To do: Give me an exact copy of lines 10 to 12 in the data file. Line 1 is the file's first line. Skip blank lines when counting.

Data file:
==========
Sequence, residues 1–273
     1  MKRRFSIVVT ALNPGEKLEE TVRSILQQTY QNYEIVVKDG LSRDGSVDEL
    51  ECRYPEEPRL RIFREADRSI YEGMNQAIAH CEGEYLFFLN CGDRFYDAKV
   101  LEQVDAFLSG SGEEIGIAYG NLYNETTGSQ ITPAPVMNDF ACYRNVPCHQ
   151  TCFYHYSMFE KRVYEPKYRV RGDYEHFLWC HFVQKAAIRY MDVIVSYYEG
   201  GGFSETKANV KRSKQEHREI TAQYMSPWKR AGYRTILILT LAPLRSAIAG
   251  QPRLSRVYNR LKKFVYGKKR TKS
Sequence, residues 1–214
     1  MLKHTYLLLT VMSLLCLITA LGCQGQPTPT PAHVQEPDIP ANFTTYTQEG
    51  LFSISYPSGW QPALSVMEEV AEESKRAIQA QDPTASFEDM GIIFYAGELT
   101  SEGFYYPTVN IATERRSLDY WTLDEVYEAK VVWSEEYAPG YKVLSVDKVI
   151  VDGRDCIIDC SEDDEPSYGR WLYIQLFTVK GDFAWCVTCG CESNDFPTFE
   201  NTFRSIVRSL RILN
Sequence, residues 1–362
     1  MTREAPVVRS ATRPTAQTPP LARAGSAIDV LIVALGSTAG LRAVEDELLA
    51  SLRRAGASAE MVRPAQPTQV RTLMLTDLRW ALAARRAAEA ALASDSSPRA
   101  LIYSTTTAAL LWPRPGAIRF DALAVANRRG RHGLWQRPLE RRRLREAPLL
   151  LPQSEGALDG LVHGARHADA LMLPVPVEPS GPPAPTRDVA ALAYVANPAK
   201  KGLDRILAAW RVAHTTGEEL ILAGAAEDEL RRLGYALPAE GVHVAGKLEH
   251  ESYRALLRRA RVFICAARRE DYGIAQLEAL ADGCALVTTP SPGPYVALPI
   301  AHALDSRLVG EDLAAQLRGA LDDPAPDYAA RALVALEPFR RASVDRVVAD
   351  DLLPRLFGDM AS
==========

    51  LFSISYPSGW QPALSVMEEV AEESKRAIQA QDPTASFEDM GIIFYAGELT
   101  SEGFYYPTVN IATERRSLDY WTLDEVYEAK VVWSEEYAPG YKVLSVDKVI
   151  VDGRDCIIDC SEDDEPSYGR WLYIQLFTVK GDFAWCVTCG CESNDFPTFE